When they are unable to capture cattle, owing to the animals being too well protected even against their excessive cleverness in stealing, they resort to a stratagem of a different but more objectionable character. Ascertaining where the grazing ground of the cattle is situated, they procure a quantity of poison and drop it upon the leaves of the plantain bushes among which the poor beasts feed. In due course the oxen die, and their carcases are cast aside as useless. Useless to their
owners perhaps, but not to the Bheels, who do not fail to return without loss of time to secure the dead animals, for it is the skins and not the flesh that they have all along been anxious to obtain.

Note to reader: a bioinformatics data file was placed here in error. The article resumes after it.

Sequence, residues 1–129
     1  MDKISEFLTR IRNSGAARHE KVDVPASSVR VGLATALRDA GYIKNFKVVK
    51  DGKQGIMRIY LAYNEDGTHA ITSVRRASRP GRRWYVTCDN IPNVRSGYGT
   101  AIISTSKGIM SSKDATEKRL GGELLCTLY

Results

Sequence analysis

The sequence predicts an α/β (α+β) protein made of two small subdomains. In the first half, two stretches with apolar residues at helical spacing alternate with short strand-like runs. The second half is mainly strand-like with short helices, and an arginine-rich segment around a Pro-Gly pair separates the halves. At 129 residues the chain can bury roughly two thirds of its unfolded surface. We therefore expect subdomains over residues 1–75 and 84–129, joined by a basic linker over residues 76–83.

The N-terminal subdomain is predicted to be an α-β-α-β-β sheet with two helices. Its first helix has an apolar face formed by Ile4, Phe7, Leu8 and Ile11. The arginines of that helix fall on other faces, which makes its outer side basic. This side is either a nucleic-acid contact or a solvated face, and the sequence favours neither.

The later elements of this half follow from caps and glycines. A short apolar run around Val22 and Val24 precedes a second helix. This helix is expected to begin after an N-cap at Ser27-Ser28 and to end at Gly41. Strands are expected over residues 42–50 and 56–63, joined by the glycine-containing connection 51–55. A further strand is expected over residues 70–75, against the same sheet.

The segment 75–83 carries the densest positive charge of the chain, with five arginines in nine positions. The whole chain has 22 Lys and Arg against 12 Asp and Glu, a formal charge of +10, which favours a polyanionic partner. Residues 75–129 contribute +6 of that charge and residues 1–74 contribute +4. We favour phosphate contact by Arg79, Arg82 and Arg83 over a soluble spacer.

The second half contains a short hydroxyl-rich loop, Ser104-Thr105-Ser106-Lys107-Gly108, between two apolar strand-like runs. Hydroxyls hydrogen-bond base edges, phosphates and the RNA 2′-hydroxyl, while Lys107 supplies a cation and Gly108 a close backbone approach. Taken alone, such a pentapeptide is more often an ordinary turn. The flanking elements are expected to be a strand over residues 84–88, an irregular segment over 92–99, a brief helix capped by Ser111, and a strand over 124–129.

Barbarous as the Bheels are, however, it must not be supposed that they are utterly bad. Bishop Heber once passed through their country, and his escort was mainly composed of Bheels. They conducted him safely across a most perilous territory, which abounded in ravines overgrown with jungle that afforded safe hiding for hostile natives or savage tigers, and when he reached his destination these terrible hillsmen watched his camp throughout the night, acting their parts as sentinels with the utmost loyalty and diligence. The bishop met during his travel caravans of Brinjarries, a wandering race who spend their time in conveying grain, and who are often guarded on these occasions by armed Bheels hired for the express purpose of securing them from the attacks of the bands of marauders that waylay unprotected carriers. Sir John Malcolm once raised a corps of Bheel soldiers, and the results of discipline were in this case highly successful, affording a striking instance of the truth of the proverb that there is honour even among thieves. For, says Sir John, "before these robbers had been a month in the